Friday, February 6, 2009

Facebook instructional video for teachers

You may already be a member of the social networking site Facebook, or maybe you're still thinking it over. A couple of days ago, our own Jim Levy posted and linked to a Prawfsblawg discussion about the pros and cons of joining (and "friending" your current and former students).

If you have already plunged (or decided to take the plunge) into Facebook, check out "Facebook for Educators: An Instruction Guide for Teachers." Produced by Ben Ambrogi, the son of lawyer-blogger Robert Ambrogi, this seven-minute video tutorial walks you through the process of creating a Facebook profile and describes the basic features of the site (like the "Wall").

Facebook for Educators from Inigral Inc. on Vimeo.

And if you're already plugged in to Facebook, why not become a fan of the Legal Writing Institute?

hat tip for video: Kelly Browe Olson


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Poor grammar was rampant in the comments on the "wall" displayed in the video. (I found it curious to call the main area the "wall" considering the late-20th century's recent negative history in Germany.) The background music had lyrics that included the term "minimum wage."

As for making friends and revealing my personal interests...I'll remain the adult in the instructor-student relationship and keep my private life to myself. Last I checked - though it's been a few days - telephones still worked, as did antique technology such as email, "xerox" copies, and hand-written notes (when I can borrow a pen from a student who actually possesses one). Or maybe a student will get off the couch in the student lounge, take some initiative, and come see me in my office where we can, you know, talk, discuss, and debate the more sublime points of my course rules, like submitting papers with correct spelling.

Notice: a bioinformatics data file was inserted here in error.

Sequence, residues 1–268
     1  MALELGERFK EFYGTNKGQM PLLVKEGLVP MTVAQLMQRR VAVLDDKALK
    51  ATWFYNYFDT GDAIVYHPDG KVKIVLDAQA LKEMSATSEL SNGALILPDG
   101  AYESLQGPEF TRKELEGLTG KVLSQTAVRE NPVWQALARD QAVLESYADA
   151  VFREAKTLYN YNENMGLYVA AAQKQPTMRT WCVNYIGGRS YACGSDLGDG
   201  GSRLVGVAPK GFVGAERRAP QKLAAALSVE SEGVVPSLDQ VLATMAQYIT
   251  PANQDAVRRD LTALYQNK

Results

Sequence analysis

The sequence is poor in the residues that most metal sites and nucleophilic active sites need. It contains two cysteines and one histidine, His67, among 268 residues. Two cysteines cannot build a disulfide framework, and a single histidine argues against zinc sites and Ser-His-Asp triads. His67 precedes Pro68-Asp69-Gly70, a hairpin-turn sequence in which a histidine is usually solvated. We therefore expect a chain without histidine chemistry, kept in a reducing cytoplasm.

Maybe the reason why we have such trouble getting students to break the bindings of their brand new law books is because they spend all their time reading cutesy-pie comments from electronically-profiled friends on sites like Facebook.

Facebook offers nothing that an effective instructor cannot already do, and nothing that Blackboard cannot already do. Students may choose to spend more of their time browsing and clicking around Facebook. Instructors can also choose the methods of communication with our students. If I want to post my favorite color, my zodiac sign, some snapshots of my recent beer-fueled bar-b-que, or what non-Youtube movie actually held my interest for more than 4 minutes, I'll type up a handout and crank up the mimeograph machine.

Facebook was created so college students could share notes or find sex. Dressing it up by using language like "connecting with our students" just smells like a big law suit waiting to happen. I'll pass. I'm not ready to retire in infamy.

Here's the problem with "technology": put this URL in your browser and scroll down to the February 2, 2009, comic panel. Enough said.


Posted by: Joseph Bazan | Feb 10, 2009 8:22:01 AM

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